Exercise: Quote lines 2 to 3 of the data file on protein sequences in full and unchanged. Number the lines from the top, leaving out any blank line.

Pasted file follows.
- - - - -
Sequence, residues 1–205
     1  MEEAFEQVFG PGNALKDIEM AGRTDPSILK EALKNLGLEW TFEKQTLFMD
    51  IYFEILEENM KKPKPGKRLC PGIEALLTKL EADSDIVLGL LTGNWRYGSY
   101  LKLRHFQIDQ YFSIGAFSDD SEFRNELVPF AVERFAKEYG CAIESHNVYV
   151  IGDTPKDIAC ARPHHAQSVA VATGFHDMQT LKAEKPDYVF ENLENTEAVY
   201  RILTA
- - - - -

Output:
     1  MEEAFEQVFG PGNALKDIEM AGRTDPSILK EALKNLGLEW TFEKQTLFMD
    51  IYFEILEENM KKPKPGKRLC PGIEALLTKL EADSDIVLGL LTGNWRYGSY